During Mobility Field Day 4 I got a chance to watch a visionary person tell me how the world of analytics was about to be transformed. Bob Friday is the kind of person that looks at the world in a slightly different way than the rest of us. Every time I talk to him outside of presentations, we always discuss his hobbies like making wine. But when the subject inevitably shifts to technology, you can see the passion he has for building AI and ML platforms almost as much as putting grapes into bottles.
I had a chance to sit down with Bob during CWNP Wi-Fi Trek 2019 and follow up on some of the things that he had talked about during Mobility Field Day. Here’s a quick recap of his presentation about how Mist’s Marvis platform is going to enhance the ability of people to get their job done with better confidence:
Bob and I started off with the biggest unknown out there right now: Will AI take the jobs of junior network admins? You may recall hearing this question come up every time a new platform is poised to make changes in our industry. Whether it’s SDN, Automation, or even whitebox switching I’m constantly told that it will mean the end of low-level tech jobs.
Bob Friday thinks differently than we do. He is quick to admit that the work of a lot of those low-level admins is going to be replaced by AI platforms like Marvis. And that’s a good thing! Because the work we have them doing is menial at best and prone to error at worst. Why should we have someone interface with a device to pull information from it? Why can’t we have a system automatically find a switch serial number and then tell us how much more warranty coverage is available? Or have the switch automatically give us a list of VLANS on a particular link?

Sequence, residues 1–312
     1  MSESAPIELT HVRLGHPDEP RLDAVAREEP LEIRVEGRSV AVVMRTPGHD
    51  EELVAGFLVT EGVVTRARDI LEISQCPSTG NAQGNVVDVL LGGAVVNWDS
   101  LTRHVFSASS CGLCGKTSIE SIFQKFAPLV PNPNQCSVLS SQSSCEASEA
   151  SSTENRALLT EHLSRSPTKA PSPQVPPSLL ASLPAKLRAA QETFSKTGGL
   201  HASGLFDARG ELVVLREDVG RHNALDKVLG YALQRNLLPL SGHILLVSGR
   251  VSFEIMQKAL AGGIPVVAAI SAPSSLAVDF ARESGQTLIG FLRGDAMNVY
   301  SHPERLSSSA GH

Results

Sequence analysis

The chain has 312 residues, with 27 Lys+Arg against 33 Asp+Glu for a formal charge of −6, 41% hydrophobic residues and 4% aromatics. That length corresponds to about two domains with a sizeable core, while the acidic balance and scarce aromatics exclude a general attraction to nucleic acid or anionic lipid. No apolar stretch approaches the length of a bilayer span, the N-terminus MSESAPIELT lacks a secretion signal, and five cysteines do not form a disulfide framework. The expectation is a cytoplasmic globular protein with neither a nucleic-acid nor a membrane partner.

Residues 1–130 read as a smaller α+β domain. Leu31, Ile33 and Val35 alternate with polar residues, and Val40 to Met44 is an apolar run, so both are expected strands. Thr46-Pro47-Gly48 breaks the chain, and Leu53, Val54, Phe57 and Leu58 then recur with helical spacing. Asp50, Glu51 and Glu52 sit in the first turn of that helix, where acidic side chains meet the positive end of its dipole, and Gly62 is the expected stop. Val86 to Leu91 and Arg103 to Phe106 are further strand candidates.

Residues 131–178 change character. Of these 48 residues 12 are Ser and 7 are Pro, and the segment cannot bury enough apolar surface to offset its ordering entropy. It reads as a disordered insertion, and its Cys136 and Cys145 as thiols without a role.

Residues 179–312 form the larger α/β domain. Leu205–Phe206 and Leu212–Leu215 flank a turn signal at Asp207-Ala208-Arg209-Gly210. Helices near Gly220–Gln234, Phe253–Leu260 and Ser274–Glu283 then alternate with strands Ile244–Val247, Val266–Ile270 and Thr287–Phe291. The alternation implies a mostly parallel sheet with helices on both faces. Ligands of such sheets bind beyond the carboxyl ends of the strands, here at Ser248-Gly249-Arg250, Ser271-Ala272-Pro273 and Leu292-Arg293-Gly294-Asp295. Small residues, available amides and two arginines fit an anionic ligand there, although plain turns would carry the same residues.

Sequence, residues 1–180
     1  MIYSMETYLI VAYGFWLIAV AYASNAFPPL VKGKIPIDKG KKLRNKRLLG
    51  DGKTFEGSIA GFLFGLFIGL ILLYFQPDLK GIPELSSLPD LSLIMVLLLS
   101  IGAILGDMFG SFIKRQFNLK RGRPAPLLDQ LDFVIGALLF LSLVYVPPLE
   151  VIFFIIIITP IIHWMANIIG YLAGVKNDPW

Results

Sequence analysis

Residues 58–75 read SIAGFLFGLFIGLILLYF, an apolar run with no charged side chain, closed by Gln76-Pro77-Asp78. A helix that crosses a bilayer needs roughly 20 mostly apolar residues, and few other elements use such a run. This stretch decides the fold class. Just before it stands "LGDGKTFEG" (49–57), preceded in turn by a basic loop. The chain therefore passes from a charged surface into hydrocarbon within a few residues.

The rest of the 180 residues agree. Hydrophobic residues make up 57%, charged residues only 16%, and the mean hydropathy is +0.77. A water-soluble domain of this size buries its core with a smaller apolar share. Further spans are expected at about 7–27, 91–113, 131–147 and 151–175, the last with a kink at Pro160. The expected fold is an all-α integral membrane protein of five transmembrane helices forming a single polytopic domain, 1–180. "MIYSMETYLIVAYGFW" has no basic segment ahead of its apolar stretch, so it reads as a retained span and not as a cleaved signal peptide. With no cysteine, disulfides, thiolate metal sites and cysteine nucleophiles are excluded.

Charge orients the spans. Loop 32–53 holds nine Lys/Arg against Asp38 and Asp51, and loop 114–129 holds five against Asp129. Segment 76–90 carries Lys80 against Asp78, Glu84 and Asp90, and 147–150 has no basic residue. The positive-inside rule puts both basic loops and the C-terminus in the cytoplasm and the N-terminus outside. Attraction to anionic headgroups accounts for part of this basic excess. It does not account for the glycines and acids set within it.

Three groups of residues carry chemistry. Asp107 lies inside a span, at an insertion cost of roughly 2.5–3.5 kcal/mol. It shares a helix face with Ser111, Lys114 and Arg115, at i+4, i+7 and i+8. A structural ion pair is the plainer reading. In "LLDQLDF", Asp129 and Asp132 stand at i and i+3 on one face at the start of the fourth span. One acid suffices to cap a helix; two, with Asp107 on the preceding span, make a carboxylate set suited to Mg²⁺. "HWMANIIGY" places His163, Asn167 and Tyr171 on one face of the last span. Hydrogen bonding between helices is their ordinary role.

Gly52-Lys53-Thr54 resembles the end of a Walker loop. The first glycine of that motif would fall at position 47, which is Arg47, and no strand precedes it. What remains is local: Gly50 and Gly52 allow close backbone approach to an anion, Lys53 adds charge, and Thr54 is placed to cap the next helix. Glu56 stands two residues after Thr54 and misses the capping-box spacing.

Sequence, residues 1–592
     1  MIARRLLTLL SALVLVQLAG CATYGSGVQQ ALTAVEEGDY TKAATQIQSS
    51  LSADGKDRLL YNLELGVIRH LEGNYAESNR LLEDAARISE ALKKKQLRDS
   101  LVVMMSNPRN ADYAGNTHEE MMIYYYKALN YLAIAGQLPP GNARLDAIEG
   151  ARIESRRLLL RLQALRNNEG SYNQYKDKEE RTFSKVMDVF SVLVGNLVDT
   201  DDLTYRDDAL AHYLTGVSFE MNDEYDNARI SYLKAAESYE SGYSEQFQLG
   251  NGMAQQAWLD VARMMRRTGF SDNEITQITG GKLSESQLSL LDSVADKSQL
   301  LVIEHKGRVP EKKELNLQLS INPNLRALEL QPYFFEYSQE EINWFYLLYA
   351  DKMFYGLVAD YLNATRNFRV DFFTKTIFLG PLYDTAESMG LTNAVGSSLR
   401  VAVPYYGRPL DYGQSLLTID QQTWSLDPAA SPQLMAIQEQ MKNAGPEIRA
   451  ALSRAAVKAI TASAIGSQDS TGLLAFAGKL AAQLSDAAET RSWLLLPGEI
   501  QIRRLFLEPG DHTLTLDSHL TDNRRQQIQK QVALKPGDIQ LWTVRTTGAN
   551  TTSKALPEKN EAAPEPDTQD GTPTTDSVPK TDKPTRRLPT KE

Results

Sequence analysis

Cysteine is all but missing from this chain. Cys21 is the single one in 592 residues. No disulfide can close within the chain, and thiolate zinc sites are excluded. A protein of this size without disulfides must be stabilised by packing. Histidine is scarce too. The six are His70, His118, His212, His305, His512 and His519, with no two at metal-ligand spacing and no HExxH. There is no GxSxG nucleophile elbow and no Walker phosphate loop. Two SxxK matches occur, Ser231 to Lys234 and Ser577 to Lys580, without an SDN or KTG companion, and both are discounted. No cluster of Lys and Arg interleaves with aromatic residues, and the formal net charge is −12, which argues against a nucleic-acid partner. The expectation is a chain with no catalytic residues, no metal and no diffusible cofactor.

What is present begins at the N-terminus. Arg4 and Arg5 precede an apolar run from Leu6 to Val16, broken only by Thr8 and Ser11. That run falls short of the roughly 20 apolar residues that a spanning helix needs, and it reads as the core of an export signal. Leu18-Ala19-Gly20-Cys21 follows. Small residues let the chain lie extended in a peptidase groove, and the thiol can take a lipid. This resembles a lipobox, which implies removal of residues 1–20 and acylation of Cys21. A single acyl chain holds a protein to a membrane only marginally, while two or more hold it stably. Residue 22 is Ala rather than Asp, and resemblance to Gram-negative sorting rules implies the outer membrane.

That kind of information gathering is table stakes. Where it goes next level, according to Bob, is taking the questions that those same low-level admins have and making sense of the data. Part of learning the job of administration and higher-level engineering is learning how to ask the right questions. It’s not enough to go to Google and simply type in “Why is my network slow.” You have to know how to apply critical thinking instead and ask questions like “What is the minimum threshold for fair queuing” or “What is the maximum number of clients that can connect to an AP?”
Both of those higher-order questions can be potential answers to the first lower-order question. In the world of IT today, we know that the higher-order questions tend to come from people with more experience. They know what to look for. Bob and his team at Mist are trying to build a system to bridge the gap between those two queries. That’s because the system has the data that it needs to start answering easy questions intelligently and make them look smarter.
The Network’s In Jeopardy
What do I mean here? Let’s take the above questions in a different light. We dislike the “why is it slow” kind of question because the answers could literally come from anywhere. We have to do some investigation to eliminate a lot of unimportant information. For example, if we start investigating and ask why the minimum fair queue threshold isn’t being met, we can eliminate that as a potential issue and move on to something else. But, today, we still have to ask and answer the question.